WHAT IS A DROBBLE-DRABBLE-DRICKLE?

July 25, 2017

 

 

DROBBLE/DRABBLE/DRICKLE by Rick Haynes

 

Hi everyone. I’ve been thinking about something a little different, something to tax the brain in the art of word - pruning. I don’t know if my idea has been done before, but here goes.

I wrote a story of 200 words, then challenged myself to condense into Drabble format, and again to reduce it to Drickle size (note the rick in Dricklle – I can hear the groans from here – LOL). So I have a Drobble of exactly 200 words, A Drabble of exactly 100 words and, you guessed it, A Drickle of exactly 25 words. Please note that Drobbles and Drickles are figments of my imagination after one or two glasses of Southern comfort, although I guess they could be real now.

It was a much harder exercise than I thought but well worth the effort. Have a go and see how you get on; go on I dare you.

 

The title for all three tales is Conclusion Jump.

 

CONCLUSION JUMP - 200 WORDS DROBBLE

The last rays of the sun were slowly dipping away leaving a rose coloured tint to the sky in their wake. The birds had vanished, the trees silent. Occupants had left their homes unlocked, the doors wide open in their haste to depart. Even the gentle breeze had died away as the village on the hill lay empty, bereft of all life.

The remaining villagers had departed two days ago as fear overcame resolve, for the plague had spread from village to village, and bodies lay strewn over the cobbled streets. Even the priest refused to bury them, much to the angst of his followers.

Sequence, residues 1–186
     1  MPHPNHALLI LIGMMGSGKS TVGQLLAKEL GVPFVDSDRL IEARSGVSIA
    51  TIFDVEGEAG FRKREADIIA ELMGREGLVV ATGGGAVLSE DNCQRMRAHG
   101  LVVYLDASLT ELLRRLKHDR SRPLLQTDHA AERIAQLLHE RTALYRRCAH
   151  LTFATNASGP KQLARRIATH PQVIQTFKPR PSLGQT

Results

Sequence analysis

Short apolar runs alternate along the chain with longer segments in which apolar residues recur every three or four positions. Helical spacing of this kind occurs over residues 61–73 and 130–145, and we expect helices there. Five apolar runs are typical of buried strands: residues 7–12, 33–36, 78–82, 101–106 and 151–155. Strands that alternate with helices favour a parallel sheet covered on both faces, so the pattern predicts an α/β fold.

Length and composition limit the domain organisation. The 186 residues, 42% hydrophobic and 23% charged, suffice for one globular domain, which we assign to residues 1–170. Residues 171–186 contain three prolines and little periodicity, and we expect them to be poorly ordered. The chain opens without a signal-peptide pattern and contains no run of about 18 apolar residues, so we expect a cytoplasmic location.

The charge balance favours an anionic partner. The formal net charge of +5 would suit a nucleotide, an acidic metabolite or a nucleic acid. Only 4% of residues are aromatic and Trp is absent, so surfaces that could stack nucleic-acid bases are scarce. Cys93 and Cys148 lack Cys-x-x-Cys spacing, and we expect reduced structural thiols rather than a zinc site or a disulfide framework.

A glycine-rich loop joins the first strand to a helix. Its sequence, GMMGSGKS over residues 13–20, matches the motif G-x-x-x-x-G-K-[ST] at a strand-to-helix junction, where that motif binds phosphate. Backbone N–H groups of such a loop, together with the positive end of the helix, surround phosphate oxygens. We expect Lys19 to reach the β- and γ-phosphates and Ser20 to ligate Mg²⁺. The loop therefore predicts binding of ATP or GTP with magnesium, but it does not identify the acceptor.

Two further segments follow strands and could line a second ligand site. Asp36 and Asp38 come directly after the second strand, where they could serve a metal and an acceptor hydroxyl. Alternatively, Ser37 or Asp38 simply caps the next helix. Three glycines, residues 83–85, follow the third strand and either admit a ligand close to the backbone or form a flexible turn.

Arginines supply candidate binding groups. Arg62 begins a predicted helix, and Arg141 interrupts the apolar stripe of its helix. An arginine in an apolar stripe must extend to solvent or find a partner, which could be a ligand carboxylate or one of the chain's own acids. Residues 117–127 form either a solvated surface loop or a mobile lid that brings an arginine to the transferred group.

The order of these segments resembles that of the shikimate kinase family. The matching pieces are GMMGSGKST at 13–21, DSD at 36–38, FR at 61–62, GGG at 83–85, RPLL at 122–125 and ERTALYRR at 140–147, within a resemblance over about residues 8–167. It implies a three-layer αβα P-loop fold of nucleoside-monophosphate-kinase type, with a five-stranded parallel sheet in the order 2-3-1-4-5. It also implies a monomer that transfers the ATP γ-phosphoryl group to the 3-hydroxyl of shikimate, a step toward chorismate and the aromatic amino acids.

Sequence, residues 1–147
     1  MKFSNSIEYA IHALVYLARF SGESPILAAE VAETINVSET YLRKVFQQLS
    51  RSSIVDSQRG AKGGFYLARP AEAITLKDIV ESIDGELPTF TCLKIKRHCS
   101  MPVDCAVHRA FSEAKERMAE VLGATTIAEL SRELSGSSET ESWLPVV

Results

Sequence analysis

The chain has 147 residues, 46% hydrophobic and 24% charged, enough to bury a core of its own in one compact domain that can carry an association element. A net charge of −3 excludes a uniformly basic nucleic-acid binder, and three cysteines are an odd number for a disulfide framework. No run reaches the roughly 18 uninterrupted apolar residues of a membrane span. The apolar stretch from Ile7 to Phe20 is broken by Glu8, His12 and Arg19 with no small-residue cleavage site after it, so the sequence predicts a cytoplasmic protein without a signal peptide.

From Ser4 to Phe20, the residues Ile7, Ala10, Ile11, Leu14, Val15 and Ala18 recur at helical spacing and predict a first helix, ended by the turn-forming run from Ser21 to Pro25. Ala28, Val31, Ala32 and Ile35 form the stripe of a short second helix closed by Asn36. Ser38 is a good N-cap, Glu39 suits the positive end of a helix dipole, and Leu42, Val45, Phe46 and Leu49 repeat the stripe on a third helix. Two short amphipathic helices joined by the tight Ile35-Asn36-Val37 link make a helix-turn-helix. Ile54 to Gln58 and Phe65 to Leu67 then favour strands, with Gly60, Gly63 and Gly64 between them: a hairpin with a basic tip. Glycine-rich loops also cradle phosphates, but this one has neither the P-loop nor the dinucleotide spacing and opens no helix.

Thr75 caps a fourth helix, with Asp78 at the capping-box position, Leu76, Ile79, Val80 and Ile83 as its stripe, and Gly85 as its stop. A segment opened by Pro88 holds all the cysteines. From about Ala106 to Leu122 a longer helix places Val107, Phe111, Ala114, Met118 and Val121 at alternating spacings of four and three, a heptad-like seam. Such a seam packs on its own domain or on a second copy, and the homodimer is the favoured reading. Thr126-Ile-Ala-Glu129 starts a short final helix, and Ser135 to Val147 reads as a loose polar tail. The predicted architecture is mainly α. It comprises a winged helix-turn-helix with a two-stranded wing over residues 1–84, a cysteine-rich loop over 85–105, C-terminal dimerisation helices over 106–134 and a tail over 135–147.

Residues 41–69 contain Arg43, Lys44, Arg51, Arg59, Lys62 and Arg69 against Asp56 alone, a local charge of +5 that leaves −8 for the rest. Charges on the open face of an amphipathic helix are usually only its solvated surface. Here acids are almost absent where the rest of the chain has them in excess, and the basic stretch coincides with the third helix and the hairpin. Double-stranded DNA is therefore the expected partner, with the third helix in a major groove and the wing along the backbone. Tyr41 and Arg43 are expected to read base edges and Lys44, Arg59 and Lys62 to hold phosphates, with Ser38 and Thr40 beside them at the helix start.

Several farms had taken in relatives and friends, but wandering families had found little food elsewhere. The piecing screams of children could be heard all around, yet nothing could be done to assuage their hunger or cure their malady.

“I can’t read any more of this utter drivel. What has this to do with modern day farming? Who wrote this?” The man in black directed his anger at the author silently waiting in the far corner.

“I did,” the author said softly.

“It’s rubbish,” the actor retorted.

“Not surprising really. You’re reading the wrong script.”

 

CONCLUSION JUMP - 100 WOODS DRABBLE

The last rays of the sun were slowly dipping away leaving behind a rose coloured tint in the sky. The birds had vanished, the trees silent. Even the gentle breeze had disappeared as the village lay empty, bereft of all life.

The plague had spread far, and many bodies lay strewn on the cobbled streets.

 “What has this to do with modern day farming? Who wrote this utter drivel?” The reader directed his anger at the author in the far corner.

“I did,” the author said softly.

“It’s rubbish,” the actor retorted.

“Not surprising really. You’re reading the wrong script.”

 

CONCLUSION JUMP - 25 WORDS DRICKLE

The village was empty, bereft of life.

The plague had spread, bodies lay everywhere.

“What rubbish,” the actor said.

“Unsurprising. You’re reading the wrong script.”

 

Over to you folks. You might find the exercise helps in pruning back your words.

 

 

 

 

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